The impact of big box internationalization on a national market: a case study of Home Depot Inc. in Canada
Abstract:The Home Depot Inc. is the world's largest home improvement retailer. In 2001, the company generated US$53.6 billion in retail sales from a property portfolio of 1333 stores. In the mid-1990s, after a period of rapid expansion in the US, Home Depot Inc. developed an internationalization strategy and entered the Canadian market. This paper explores the impact that the US-owned Home Depot Inc. has had on the home improvement landscape of Canada. The evidence provided illustrates how a relatively small number of foreignowned big box stores can dominate local retail markets, with the Home Depot Canada having gained a considerable national market share. The paper provides a detailed example of the growth of Home Depot within the Greater Toronto Area (GTA), Canada's largest market. It reveals the significant negative impact of Home Depot's big box format development on traditional street-front and mall-based home improvement retailers. The paper concludes by discussing potential growth strategies, in particular, Home Depot's expansion from major metropolitan to small town markets.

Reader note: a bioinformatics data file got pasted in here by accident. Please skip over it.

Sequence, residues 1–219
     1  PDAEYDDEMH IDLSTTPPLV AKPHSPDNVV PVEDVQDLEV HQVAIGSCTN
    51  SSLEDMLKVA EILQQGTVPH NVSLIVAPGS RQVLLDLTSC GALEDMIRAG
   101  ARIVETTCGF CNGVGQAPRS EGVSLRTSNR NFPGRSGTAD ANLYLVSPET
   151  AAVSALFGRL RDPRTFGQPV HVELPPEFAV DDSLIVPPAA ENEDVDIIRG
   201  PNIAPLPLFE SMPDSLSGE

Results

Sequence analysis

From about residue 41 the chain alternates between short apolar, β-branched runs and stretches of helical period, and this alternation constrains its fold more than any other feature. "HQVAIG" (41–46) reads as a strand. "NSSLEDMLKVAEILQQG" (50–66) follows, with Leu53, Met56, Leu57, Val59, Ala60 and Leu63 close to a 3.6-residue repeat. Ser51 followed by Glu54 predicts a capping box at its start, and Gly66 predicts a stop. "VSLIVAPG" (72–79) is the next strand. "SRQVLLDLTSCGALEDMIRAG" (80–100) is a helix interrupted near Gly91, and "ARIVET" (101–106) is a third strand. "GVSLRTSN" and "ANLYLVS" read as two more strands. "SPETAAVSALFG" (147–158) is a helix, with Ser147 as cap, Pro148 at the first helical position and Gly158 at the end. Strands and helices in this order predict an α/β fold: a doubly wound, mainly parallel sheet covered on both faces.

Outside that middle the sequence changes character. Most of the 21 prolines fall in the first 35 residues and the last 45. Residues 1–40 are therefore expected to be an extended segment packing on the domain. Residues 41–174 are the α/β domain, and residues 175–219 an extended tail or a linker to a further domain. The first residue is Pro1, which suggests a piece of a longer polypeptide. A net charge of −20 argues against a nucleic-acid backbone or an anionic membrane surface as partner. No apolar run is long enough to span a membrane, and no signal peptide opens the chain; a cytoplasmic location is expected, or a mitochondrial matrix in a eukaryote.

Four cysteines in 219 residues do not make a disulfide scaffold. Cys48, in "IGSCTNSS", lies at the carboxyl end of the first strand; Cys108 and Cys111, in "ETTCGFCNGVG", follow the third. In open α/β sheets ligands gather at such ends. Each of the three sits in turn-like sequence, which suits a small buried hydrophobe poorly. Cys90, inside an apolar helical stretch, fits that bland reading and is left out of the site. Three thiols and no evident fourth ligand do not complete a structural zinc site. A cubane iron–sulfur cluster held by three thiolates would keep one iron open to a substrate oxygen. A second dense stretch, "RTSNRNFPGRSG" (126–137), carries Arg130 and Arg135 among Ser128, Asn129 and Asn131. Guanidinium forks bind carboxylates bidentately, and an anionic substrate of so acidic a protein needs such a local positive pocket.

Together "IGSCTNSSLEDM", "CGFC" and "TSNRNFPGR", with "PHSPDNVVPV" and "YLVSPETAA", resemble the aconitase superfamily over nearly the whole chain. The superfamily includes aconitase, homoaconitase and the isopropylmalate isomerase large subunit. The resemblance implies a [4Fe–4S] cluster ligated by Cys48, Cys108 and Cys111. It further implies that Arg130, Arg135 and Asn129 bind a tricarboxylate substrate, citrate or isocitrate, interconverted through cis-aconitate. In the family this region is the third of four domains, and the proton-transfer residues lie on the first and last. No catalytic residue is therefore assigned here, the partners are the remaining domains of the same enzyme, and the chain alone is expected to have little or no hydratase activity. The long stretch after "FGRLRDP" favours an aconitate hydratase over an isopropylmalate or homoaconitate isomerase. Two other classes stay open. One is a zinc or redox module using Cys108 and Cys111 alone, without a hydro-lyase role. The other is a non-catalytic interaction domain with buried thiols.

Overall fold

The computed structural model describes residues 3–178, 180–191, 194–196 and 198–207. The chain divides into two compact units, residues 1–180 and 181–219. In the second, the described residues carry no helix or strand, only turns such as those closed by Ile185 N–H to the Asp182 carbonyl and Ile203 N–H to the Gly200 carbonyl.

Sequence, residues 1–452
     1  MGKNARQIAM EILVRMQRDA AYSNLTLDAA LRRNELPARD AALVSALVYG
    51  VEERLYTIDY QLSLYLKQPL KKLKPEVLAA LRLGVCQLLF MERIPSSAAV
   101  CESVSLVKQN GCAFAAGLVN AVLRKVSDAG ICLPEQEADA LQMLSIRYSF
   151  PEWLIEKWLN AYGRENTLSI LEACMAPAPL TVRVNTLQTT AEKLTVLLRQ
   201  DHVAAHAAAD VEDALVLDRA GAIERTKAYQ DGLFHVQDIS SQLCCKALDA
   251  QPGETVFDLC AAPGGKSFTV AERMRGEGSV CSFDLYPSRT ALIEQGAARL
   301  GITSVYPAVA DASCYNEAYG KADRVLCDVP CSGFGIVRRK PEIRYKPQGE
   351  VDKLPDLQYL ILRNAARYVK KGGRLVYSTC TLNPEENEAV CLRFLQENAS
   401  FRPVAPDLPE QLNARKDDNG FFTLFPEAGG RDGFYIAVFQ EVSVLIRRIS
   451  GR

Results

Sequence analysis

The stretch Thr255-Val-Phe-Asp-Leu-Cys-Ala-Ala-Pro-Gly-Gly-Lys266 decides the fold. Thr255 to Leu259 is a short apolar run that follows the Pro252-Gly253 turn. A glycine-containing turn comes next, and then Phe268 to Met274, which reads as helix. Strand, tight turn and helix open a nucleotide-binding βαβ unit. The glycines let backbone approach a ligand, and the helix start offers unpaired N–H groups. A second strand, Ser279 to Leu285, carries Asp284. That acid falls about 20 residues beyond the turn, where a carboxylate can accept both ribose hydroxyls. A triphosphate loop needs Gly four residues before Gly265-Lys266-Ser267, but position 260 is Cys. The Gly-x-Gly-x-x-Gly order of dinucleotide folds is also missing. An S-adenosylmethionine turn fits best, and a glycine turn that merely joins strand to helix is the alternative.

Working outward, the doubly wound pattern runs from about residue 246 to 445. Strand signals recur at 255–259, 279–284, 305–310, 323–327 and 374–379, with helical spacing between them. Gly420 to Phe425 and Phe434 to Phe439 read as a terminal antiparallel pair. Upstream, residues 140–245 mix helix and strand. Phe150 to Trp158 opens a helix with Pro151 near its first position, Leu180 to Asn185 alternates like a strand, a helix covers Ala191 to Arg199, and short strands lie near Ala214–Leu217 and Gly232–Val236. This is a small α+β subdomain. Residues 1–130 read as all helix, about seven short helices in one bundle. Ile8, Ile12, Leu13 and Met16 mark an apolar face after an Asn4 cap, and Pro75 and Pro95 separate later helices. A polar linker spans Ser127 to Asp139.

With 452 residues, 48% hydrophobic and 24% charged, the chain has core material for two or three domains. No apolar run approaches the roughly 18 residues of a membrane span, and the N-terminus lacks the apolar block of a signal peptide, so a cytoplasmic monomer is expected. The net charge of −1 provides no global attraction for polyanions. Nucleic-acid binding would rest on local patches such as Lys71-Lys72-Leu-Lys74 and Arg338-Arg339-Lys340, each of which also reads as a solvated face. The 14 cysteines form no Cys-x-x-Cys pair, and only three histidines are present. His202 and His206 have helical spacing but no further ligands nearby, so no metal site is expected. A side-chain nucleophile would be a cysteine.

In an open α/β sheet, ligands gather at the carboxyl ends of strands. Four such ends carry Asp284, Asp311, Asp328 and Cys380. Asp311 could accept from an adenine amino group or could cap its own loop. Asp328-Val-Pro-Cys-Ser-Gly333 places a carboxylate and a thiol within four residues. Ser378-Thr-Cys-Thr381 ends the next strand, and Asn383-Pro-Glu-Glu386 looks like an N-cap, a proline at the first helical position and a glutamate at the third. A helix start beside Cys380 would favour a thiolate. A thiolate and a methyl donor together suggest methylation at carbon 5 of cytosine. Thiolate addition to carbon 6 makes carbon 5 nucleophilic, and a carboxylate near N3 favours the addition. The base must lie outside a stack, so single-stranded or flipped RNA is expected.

Document Type: Research Article
Affiliations: Research Associate, Centre for the Study of Commercial Activity; Ryerson Polytechnic University, 350 Victoria Street, Toronto, Ontario Canada, M5B 2K3;Ext. 7200;, Tel: +416 979 5000, Fax: +416 979 5378, Email: email@example.com
Publication date: 2003-01-01